Do Goats Really Sleep Standing Up?

Many people assume that goats sleep standing up, as is the case for some other herbivorous species (like horses). However, the reality is a little more complex here, which is why we’re on hand today to give you a little more insight into the complex world of goat sleeping patterns, including whether or not goats sleep standing up, the importance of sleep for a goat, and the like. After all, just like us, goats need plenty of sleep to stay healthy and well – and understanding this can help make you a better goat owner and more aware of their unique needs accordingly.

How Do Goats Sleep? 

Many people are not sure about how goats sleep. Indeed, “do goats sleep standing up” is a pretty common question since this is a common habit with horses. In fact, the majority of horses will spend most of their sleeping time standing up. But what’s the truth about goat sleeping patterns? 

Well, in most cases, goats sleep as you’d expect: like normal. But what does this mean? 

The Truth About Goat Sleeping Habits

Goat sleeping habits are similar to most other herbivores: while they doze or rest while standing up, they won’t sleep properly until they lie down. Usually, a goat will curl its legs underneath itself, although some may stretch their legs out straight instead – they may have individual preferences. However, goats do not sleep properly standing up, which can come as something of a shock to many people.

The Infamous “Goat Death Nap”

What’s more, it’s well worth keeping in mind that goats will often do a “death pose” during sleep. The first time you see this as a goat keeper, be prepared – you’ll probably be filled with terror! Indeed, during a so-called “death pose” nap, your goat may lie flat out on its side with its legs held straight out in front of it. The goat will usually be in an incredibly deep sleep during this, which gives an illusion of the goat being dead! 

This typically happens when your goat is in an incredibly deep sleep, and it can feel like no amount of shouting and hollering will wake them up. Sometimes, they may not even stir initially when you stroke them, which can be terrifying to watch. However, persist if this happens to you, and your goat should eventually wake up. Of course, goats being goats, they won’t stir until they’ve scared you half to death first!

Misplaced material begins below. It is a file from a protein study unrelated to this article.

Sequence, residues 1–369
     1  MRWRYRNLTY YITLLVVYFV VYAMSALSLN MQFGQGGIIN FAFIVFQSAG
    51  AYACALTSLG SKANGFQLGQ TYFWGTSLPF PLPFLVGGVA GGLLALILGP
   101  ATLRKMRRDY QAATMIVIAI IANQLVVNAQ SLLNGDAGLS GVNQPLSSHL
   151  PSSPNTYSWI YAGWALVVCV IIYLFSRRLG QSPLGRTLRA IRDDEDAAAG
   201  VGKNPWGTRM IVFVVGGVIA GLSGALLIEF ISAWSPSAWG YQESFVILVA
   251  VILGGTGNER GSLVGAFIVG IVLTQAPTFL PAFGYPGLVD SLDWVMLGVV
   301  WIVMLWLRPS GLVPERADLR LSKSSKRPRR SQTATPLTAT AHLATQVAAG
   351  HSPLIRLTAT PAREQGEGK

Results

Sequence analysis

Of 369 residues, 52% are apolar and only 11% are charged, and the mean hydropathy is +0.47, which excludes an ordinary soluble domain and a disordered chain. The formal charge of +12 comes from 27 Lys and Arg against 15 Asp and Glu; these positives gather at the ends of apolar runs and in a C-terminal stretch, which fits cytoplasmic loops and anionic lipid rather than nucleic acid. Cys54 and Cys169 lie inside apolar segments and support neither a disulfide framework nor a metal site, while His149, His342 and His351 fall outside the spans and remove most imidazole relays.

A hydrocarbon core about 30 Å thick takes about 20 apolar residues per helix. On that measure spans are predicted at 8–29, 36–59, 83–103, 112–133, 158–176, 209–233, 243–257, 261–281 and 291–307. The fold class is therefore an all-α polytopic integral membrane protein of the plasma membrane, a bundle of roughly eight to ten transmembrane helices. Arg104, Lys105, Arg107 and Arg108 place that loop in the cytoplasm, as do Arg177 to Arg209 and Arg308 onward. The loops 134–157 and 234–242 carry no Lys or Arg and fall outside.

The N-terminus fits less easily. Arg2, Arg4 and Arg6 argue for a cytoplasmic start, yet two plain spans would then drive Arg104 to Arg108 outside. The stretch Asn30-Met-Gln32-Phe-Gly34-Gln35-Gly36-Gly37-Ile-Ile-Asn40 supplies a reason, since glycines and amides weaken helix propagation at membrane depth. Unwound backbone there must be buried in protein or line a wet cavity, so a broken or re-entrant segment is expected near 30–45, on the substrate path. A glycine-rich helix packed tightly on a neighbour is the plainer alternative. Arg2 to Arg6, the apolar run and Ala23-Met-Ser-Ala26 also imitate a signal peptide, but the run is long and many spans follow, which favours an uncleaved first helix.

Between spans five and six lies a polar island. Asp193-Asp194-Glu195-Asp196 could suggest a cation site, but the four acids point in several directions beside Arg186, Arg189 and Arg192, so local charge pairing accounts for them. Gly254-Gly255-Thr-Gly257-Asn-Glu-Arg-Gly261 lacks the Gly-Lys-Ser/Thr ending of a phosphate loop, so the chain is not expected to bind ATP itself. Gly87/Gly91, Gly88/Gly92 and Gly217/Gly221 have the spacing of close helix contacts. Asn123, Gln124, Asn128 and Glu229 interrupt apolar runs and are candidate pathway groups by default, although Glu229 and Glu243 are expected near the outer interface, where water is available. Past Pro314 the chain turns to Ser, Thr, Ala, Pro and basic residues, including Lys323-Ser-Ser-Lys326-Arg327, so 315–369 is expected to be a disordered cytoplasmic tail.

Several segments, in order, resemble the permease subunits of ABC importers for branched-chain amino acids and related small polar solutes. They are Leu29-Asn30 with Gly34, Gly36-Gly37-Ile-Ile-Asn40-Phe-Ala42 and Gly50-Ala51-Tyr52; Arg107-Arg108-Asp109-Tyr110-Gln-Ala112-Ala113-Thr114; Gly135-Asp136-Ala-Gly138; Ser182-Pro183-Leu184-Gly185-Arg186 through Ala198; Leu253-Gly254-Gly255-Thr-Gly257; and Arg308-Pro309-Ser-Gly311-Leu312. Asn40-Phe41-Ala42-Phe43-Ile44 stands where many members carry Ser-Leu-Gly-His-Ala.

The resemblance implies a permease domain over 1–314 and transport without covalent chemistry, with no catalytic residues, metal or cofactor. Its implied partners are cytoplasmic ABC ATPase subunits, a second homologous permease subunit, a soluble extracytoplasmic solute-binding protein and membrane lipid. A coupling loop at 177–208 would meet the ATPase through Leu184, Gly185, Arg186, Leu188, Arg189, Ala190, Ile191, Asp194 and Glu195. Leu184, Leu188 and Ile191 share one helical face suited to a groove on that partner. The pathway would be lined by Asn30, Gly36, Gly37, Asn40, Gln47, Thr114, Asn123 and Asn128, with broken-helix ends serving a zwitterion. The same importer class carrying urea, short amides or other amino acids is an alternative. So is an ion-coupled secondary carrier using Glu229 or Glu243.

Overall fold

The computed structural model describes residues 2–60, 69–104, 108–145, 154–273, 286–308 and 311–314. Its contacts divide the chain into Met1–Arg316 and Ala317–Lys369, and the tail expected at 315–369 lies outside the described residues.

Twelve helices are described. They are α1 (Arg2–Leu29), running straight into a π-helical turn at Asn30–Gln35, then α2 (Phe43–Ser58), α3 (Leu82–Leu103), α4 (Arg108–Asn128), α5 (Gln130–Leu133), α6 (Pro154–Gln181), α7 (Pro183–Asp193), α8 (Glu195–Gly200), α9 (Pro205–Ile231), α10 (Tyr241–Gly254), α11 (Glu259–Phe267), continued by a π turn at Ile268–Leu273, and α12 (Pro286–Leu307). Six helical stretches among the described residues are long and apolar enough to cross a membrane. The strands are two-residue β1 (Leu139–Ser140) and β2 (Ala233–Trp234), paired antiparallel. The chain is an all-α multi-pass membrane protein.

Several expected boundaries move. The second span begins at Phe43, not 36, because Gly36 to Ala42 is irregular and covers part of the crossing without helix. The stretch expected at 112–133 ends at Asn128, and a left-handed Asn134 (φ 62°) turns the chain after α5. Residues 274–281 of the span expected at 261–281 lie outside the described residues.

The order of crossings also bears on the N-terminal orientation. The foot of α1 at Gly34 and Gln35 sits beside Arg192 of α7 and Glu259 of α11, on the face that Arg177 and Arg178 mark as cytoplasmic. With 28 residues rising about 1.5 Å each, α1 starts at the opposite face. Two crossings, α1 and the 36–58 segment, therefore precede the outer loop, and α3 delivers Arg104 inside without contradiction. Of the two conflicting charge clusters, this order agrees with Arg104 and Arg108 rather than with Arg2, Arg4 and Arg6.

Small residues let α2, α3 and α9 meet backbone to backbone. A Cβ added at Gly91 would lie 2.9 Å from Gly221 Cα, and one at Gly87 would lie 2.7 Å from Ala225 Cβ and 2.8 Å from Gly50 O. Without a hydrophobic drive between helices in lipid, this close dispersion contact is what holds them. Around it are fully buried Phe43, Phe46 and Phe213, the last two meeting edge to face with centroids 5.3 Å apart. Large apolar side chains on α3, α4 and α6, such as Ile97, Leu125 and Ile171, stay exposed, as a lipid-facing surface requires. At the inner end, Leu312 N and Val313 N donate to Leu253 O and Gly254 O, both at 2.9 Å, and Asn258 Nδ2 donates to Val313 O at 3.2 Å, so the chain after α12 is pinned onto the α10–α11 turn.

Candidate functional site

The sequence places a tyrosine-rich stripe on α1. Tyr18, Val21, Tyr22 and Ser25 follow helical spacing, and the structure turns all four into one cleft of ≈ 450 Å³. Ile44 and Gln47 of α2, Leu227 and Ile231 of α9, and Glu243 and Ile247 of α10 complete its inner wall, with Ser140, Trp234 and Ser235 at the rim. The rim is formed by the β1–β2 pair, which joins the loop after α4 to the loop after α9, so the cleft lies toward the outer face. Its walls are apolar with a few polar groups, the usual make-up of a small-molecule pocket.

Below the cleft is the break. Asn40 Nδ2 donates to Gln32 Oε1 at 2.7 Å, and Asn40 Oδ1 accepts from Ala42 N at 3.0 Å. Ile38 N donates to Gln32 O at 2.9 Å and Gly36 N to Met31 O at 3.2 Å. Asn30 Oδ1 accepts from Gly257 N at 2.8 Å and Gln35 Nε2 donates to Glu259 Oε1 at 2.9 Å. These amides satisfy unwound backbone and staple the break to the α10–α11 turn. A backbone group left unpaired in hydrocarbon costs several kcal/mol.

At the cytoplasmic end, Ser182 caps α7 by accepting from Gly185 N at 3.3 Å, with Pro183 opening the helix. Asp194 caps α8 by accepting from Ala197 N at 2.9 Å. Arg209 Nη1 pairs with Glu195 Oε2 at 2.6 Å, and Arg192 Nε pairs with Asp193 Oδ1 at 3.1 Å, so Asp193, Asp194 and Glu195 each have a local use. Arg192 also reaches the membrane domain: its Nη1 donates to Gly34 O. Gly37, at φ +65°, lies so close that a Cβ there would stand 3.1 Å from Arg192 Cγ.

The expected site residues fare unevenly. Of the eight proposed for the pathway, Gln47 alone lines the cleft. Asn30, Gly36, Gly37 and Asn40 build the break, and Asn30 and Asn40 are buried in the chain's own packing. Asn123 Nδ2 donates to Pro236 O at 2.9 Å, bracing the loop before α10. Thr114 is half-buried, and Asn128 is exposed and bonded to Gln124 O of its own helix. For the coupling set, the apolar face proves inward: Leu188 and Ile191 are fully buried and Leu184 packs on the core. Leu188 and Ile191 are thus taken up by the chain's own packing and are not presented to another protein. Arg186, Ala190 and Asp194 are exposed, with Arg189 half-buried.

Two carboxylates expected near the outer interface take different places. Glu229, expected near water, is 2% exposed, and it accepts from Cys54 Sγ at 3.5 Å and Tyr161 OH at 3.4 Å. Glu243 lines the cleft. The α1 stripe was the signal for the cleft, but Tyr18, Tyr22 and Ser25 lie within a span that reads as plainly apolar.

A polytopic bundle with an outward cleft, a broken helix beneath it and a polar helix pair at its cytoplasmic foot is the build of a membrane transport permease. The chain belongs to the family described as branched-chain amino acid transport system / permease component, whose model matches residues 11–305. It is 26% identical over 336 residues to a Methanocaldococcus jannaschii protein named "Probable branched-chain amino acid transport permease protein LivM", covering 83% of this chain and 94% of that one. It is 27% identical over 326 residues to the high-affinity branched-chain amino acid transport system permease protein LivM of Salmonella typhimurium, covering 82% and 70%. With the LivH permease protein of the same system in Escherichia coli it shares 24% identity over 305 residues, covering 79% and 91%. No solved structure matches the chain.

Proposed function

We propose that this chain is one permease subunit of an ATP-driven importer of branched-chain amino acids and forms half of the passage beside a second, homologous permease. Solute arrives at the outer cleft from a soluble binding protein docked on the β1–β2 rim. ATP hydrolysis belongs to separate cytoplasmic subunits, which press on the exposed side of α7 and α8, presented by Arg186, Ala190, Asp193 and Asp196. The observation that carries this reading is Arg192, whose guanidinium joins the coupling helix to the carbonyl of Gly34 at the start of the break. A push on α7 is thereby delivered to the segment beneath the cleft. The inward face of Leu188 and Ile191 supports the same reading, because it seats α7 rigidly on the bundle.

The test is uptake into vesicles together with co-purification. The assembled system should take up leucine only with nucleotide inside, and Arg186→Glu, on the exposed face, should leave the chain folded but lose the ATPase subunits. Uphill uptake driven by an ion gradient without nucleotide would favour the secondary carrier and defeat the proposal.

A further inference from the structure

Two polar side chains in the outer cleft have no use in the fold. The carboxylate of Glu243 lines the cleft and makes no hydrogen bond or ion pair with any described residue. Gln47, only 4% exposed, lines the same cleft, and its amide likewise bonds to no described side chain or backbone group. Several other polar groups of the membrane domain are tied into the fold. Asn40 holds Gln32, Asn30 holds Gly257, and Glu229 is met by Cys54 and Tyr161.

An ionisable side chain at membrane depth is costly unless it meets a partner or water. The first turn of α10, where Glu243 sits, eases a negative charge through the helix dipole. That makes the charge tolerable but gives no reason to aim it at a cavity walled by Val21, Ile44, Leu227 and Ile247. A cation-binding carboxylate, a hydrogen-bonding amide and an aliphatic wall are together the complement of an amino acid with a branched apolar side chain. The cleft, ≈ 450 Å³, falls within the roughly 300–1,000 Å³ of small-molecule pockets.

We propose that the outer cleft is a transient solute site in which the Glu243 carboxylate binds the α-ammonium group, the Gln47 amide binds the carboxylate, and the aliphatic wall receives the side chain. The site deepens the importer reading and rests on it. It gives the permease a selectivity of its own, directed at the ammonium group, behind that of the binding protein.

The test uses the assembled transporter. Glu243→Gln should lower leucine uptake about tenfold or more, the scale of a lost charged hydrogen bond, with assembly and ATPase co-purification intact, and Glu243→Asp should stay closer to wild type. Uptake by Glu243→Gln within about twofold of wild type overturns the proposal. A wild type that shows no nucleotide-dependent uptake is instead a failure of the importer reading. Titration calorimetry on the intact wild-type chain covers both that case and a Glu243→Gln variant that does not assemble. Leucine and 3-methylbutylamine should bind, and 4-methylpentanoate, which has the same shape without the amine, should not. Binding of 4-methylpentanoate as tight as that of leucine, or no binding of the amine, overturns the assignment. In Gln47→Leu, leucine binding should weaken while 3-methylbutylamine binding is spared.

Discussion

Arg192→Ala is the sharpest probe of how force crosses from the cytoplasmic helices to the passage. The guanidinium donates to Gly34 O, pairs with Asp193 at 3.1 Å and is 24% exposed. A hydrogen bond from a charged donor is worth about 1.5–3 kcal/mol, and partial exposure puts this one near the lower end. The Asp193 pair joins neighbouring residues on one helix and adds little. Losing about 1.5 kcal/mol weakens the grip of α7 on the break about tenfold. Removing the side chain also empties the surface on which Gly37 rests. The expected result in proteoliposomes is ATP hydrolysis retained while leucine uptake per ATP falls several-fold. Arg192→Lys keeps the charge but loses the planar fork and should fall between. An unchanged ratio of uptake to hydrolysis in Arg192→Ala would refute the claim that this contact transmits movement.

What if my Goat Doesn’t Wake From a Death Nap? 

If your goat doesn’t seem to stir from a dreaded death nap, the most important thing to do is check that it is breathing. A goat in a “death nap” may have incredibly slow breathing, so checking the goat’s nose for small movements can be the best indicator of whether they’re breathing. 

You should also quickly check the goat’s temperature; putting your finger carefully on its gums is a good way to see if they are cold to the touch. If their gums are cold, your goat may have actually passed away in its sleep.

If you have any concerns about your goat, getting it to a local veterinarian as soon as possible is crucial. Potentially, what looks like a very deep sleep could actually be a sign that your goat is incredibly ill or even in a coma; these may not be treatable, depending on the cause, which is why quick intervention is critical.

Why Do Goats Not Sleep Standing Up?

Unlike horses, goats do not naturally sleep standing up since they do not have the ability of horses to lock their legs. Horses have evolved this skill to allow them to sleep while remaining on alert for danger.

Indeed, the process of standing up when your legs are as long as a horse is not a quick process, and the time for a horse to stand could be enough for a predator to pounce! As such, for horses, the ability to sleep standing up substantially improves their chances of survival in a wild situation – however, horses may still sleep lying down occasionally.

However, goats do not have the same limitations with standing up as horses. In fact, if a sleeping goat hears you rustle a bag of food, it’ll often be up in a blink of an eye – meaning there’s no need for the goat to sleep standing up. As such, goat’s cannot lock their legs to sleep and will instead sleep lying down.

However, a goat may relax or dose with its head lowered while standing. This is not really the same as deep sleep, but it is easy to mistake this for sleeping soundly. 

What Other Quirks Do Goats Get When Sleeping? 

In addition to the quirk of the dreaded death nap, goats can often display several other quirks while sleeping. Perhaps the spookiest thing I’ve seen is a goat sleeping with its eyes open. In addition, while resting (but not actively sleeping), your goat will likely chew its cud to help with digestion.

How Much Sleep do Goats Need? 

While your goat does not necessarily need much sleep, it will spend a large quantity of its time lying down and resting. This is because the rumination process is very time-consuming, and requires the goat to rechew its food at a time when it feels safe and comfortable. As such, rumination is often considered a good sign of ruminant health and happiness.

Final Thoughts

It’s not always clear how goats sleep, and this can leave many people (understandably) assuming that goats sleep in a similar way to horses. However, this is not actually the case since goats cannot naturally lock their limbs while asleep. As such, goats sleep like most other animals instead of laying down. However, if you notice that your goat is standing up and it looks like they are sleeping, the most likely explanation is that they are unwell. 

As such, one of the first things you should do in this scenario is to check your goat’s vitals – for example, their temperature, their anemia levels, and their breathing rate. You may also need to get veterinary support if you are concerned about your goat’s health.

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